Number One Cause Of Chronic Renal Failure – Kidney disease means that your kidneys are not working properly and are starting to lose function. Chronic kidney disease (CKD) gets worse over time. High blood pressure and diabetes are two common causes of CKD. There is no cure for CKD, but you can take steps to maintain function for as long as possible. In late stage kidney disease, dialysis or a kidney transplant is required.
Chronic kidney disease is when your kidneys stop filtering waste from the flood. You may have noticeable symptoms, such as blistering urine, more fatigue, or itchy skin.
- 1 Number One Cause Of Chronic Renal Failure
- 2 Causes Of Chronic Renal Failure (crf) In Turkey
- 3 Nephrotic Syndrome In Adults
- 4 Chronic Kidney Disease (ckd): Symptoms & Treatment
Number One Cause Of Chronic Renal Failure
Chronic kidney disease (CKD and chronic kidney disease) means that your kidneys are damaged and they are not working as well as they should. Your kidneys are like a filter in your body—filtering waste, toxins, and extra water from your blood. They also contribute to other functions, such as bone and red blood cell health. When your kidneys start to lose function, they can’t filter out waste, which means waste builds up in your blood.
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Kidney disease is called “chronic” because kidney function gradually declines over time. CKD can lead to kidney failure, also called end-stage renal disease. Not everyone with CKD will develop kidney failure, but the disease often gets worse without treatment. There is no cure for chronic kidney disease. But there are steps you can take to slow kidney damage. Treatments such as dialysis and transplantation are options for kidney failure (end-stage kidney disease).
You have two kidneys. They are bean-shaped organs located towards the back on either side of the spine, under the ribs. Each kidney is about the size of your fist.
Your kidneys have many functions, but their main job is to clean your blood, removing toxins, waste, and excess water in the form of urine. Your kidneys also balance the amount of electrolytes (such as salt and potassium) and minerals in your body, produce hormones that control blood pressure, make red blood cells, and keep your bones strong. If your kidneys are damaged and not working as they should, waste products can build up in your blood and make you sick.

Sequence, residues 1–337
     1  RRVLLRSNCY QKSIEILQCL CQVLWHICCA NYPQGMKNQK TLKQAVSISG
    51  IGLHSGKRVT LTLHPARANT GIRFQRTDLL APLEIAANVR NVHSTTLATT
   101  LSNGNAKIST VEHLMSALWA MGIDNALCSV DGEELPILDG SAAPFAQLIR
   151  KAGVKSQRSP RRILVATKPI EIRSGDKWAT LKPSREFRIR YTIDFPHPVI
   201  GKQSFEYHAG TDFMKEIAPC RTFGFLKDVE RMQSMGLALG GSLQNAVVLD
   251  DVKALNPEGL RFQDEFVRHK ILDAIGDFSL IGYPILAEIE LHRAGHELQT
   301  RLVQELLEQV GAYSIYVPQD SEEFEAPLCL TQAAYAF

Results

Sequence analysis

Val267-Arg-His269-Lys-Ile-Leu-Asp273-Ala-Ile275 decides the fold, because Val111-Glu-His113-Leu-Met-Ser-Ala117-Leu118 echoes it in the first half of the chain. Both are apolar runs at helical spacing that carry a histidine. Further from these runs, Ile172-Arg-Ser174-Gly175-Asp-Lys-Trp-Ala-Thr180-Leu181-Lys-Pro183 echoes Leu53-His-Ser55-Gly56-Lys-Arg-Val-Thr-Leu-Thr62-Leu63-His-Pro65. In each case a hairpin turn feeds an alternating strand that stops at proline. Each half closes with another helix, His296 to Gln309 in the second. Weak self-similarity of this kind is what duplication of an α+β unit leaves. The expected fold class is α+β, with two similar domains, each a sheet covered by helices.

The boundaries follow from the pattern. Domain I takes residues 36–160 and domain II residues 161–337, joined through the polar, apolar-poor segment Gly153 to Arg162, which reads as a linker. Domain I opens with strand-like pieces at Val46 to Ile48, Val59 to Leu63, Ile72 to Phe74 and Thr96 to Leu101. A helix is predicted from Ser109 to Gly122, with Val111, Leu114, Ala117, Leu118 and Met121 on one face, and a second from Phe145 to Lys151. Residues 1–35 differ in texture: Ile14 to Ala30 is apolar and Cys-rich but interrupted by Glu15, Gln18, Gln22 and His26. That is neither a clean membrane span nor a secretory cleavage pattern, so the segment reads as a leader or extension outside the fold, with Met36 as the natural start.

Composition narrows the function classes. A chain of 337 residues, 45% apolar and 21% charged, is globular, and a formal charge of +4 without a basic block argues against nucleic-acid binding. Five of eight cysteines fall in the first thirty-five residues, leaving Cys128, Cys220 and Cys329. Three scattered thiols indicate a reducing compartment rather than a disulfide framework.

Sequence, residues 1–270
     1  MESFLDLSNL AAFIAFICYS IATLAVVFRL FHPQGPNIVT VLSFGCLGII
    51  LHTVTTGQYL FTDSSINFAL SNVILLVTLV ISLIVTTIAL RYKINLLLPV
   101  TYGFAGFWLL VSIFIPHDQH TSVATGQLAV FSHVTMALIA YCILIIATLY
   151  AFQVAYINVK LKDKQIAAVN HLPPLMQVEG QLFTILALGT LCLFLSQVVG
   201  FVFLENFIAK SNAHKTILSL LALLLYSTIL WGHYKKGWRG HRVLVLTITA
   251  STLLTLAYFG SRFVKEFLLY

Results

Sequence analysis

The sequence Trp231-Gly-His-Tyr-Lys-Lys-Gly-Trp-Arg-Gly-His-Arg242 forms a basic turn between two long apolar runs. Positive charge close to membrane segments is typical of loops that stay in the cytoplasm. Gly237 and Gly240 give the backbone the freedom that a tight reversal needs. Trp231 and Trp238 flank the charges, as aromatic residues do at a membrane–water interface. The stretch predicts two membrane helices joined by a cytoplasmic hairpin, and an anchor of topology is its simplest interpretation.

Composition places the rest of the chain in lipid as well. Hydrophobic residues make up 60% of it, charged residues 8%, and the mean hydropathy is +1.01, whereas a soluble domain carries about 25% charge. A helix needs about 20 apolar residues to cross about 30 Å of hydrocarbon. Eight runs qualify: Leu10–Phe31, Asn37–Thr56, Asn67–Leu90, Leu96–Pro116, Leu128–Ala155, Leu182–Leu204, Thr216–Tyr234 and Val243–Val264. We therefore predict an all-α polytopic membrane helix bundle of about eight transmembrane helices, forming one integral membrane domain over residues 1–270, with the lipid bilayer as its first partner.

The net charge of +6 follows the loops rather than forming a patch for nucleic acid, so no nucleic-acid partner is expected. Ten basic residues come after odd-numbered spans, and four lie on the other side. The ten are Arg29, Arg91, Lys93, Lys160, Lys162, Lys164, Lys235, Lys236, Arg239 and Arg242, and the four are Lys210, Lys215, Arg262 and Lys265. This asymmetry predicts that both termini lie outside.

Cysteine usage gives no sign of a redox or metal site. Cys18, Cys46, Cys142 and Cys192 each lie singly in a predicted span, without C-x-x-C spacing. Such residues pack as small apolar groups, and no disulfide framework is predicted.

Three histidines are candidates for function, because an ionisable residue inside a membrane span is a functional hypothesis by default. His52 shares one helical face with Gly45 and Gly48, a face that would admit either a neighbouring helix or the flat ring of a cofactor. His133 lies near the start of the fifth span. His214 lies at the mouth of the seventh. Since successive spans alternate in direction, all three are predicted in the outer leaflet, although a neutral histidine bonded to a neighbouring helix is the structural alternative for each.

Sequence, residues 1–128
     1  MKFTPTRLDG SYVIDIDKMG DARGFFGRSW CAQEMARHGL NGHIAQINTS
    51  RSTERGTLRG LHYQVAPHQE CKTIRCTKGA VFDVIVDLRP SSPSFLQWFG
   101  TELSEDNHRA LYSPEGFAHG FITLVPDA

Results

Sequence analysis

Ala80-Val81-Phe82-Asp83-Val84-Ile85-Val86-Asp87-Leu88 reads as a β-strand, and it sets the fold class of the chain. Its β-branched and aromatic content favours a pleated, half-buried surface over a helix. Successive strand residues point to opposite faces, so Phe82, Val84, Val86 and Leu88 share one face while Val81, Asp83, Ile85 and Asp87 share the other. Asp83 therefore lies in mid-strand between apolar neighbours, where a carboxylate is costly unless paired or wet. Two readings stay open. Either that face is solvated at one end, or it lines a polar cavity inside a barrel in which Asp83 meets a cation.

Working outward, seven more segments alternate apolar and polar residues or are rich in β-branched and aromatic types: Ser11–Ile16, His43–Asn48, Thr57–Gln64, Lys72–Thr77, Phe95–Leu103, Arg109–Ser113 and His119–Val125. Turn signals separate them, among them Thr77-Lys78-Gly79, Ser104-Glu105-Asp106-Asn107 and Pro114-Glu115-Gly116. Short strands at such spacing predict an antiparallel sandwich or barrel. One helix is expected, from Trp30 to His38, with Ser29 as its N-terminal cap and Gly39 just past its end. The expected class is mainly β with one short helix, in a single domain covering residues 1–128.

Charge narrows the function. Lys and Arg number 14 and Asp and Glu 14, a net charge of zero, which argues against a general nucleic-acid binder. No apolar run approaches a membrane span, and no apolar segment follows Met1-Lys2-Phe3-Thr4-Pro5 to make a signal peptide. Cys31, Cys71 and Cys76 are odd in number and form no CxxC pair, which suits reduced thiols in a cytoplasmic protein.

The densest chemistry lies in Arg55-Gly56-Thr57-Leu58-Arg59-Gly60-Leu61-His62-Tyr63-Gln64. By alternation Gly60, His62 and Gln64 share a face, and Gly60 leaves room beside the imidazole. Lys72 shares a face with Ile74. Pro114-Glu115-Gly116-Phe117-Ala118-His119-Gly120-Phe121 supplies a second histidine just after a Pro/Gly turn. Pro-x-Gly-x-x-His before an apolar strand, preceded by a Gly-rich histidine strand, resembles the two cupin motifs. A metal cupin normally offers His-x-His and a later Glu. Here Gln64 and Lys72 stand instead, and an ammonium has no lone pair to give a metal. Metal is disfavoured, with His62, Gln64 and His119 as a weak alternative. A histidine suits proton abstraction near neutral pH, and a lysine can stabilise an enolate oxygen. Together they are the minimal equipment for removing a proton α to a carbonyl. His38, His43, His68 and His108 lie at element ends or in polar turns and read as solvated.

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Longitudinal Uric Acid Has Nonlinear Association With Kidney Failure And Mortality In Chronic Kidney Disease
There are five stages of chronic kidney disease. The stages are based on how well your kidneys can filter waste from the blood. Blood and urine tests can determine which stage of CKD you are in.
The stages range from very mild (stage 1) to kidney failure (stage 5). Health care providers determine the stage of your kidney function based on the glomerular filtration rate (GFR). Your GFR is a number based on the amount of creatinine, a waste product, found in your blood.
Your kidneys are not working as well as they should and show mild to moderate damage. This is the most common stage. At this stage, you may notice symptoms.
Your kidneys show mild damage and are not working as well as they should. With the right treatment, many people can stay in this stage and never progress to stage 4.
Chronic Kidney Disease
Your kidneys are very close to failure or will stop working. At this stage, you may need kidney dialysis or a kidney transplant.
About 15% of adults in the United States have chronic kidney disease. About 37 million people in the US are living with chronic kidney disease.
In the early stages of kidney disease, you usually have no noticeable symptoms. As the disease progresses, symptoms may include:
Keep in mind that it can take years for waste to build up in your blood and cause symptoms.
Causes Of Chronic Renal Failure (crf) In Turkey
You usually have no symptoms of kidney disease, especially in its early stages. As symptoms begin, the first sign that something is wrong may include swelling in the hands and feet, itchy skin, or more frequent urination. Since symptoms vary, it’s best to call your healthcare provider if you think something is wrong.
Kidney disease occurs when your kidneys are damaged and cannot filter your blood. With chronic kidney disease, the damage tends to last for several years.
High blood pressure (hypertension) and diabetes are the two most common causes of chronic kidney disease. Other causes and conditions that affect kidney function and can lead to chronic kidney disease include:
Yes, kidney disease can run in biological families. Risk factors for CKD, such as diabetes, also run in families.
Potential Causes Of Chronic Kidney Diseases In The 579 Patients.
First, your health care provider will take your medical history, perform a physical exam, ask about any medications you’re currently taking, and ask about any symptoms you’ve been experiencing.